Again as suggested, make sure you haven't touched a pin feather, etc. that causes her pain with the harness. Did she bite when you were doing exactly the same thing on both occasions? Try moving much slower and reinforce her relaxed body language for each step so that it is a good experience for her. What are you using as reinforcement? Does she like a head skritch? Or a treat? Or praise? For example, if she is fine with you putting the harness over her head, do that slowly and gently, then reinforce her relaxed body language with something that works for her... a head skritch/praise/treat/something else?, then move on to the next stage, again reinforce her relaxed body language, and so on until the end.

Never try to push her faster/further than she is comfortable with or it will result in a bite. If you are stuck at one point, break down what you are trying to do into smaller steps and reinforce the behaviour you want to see from her.
 

Samin Alakozay

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Registered
Hi all!!

thank you for the help!
I did exactly that very slow and peanut to reward/ distract her

now I have another slight problem…. Before she didn’t want to come or sit on my shoulder now she doesn’t want to come off my shoulder

as soon as put down she runs and climbs up like batman

when I try to remove her from my shoulder it’s resulting in bites now…
Whilst she’s on my shoulder she’s also bitten my mole which started to bleed little bit the bite wasn’t aggressive more out of curiosity

when she doesn’t want to come off shoulder do I use peanut to lure her out? But the she will never come off unless there is peanut there

or do I put her in her cage for a 10min time out?
Thanks guys
 

Roz

Elected Forum Trainer
Regular Member
Good job re the harness!

Right now it is reinforcing to be on your shoulder. Try to make being somewhere else more reinforcing. You may have to do this by playing with a toy with her to start with since your presence is reinforcing. Or hide a nut in the toy so it’s extra reinforcing to play with it.

A proper time out (ie completely withdrawing reinforcement) is frustrating for the bird. Try not to use it if you can use positive reinforcement instead. If you do have to put her back into her cage then make sure she’s got lots to do in there.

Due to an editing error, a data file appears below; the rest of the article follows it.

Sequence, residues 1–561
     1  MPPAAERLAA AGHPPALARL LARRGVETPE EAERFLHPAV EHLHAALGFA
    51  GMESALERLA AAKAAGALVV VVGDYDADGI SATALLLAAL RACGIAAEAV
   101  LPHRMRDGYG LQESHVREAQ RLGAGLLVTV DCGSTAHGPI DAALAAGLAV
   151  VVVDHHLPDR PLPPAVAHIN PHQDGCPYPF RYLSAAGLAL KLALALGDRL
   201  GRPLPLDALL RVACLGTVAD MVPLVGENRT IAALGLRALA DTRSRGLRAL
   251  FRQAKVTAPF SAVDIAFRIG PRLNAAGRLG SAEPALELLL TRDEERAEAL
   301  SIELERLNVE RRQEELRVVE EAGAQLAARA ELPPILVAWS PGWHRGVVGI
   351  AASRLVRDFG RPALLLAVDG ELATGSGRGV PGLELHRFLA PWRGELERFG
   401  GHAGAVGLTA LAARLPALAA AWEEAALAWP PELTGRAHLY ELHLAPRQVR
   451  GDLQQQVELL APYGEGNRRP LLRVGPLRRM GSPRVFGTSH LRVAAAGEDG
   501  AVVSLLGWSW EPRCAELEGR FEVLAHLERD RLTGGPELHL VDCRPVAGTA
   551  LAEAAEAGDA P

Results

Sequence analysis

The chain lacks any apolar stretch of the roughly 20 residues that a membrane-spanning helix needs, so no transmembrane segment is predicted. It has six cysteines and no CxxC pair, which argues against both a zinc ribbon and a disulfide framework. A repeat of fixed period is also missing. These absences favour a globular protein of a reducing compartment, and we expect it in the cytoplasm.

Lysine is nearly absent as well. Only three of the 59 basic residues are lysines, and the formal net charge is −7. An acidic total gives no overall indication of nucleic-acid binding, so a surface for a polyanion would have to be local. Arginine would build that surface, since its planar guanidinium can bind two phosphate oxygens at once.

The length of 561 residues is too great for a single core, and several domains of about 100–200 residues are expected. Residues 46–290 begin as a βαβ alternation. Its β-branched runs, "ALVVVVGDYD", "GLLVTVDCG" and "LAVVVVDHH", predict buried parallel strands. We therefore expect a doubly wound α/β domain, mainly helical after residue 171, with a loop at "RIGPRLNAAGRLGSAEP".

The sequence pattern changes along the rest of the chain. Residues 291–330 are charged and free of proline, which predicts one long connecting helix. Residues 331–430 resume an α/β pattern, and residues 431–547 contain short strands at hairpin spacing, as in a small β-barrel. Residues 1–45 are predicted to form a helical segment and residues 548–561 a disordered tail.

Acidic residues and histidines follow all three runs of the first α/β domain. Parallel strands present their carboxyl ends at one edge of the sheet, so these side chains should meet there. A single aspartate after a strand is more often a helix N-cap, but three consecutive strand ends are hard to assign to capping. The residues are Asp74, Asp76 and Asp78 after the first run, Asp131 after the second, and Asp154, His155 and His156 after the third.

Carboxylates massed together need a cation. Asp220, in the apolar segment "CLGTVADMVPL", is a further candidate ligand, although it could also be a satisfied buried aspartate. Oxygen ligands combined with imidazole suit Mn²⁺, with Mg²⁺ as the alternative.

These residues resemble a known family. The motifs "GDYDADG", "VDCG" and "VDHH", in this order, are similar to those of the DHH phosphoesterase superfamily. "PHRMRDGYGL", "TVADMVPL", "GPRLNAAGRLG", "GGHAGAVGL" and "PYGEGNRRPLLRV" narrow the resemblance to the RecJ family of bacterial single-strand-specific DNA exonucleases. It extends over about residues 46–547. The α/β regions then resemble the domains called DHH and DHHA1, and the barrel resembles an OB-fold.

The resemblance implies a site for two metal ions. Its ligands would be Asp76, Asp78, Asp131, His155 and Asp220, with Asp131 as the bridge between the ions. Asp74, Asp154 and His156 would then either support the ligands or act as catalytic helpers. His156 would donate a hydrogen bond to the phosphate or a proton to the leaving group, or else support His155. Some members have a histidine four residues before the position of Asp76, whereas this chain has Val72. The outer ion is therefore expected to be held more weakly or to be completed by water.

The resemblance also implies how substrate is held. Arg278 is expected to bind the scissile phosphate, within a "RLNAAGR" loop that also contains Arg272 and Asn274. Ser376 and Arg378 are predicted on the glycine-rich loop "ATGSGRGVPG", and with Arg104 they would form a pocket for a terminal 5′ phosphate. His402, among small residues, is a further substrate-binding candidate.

Samin Alakozay

Regular Member
Registered
hi all

so sorry i keep coming back -

i should really stop asking for help before i try something haha!

while i wrote the question i decided to do some target training and honestly it went AMAZING!!!

today i went to clean her cage as i had to leave for work -so i wanted to make sure her food and water and cage is all clean ect she managed to run up my shoulder like batman! had no choice-

i decided to do some target training 7in attempts to train her and get her off me so i can go to work (mrs is at home with her today but as sleeping)

she would touch the stick whilst being on my hand but go no further - i held the training stick just beyond reach so she would have to step off my hand and i could see her going for bites out of frustration as she knew once she comes off she wont be coming back on -


another important question: weather room temp? currently i dont have a heater on in that room but the windows are closed - i have seen her "shivering" sometimes but not sure if thats due to the cold or something else!

should i get a oil heater to keep the room warm? how warm does the room need to be?

thanks again guys!
 
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Roz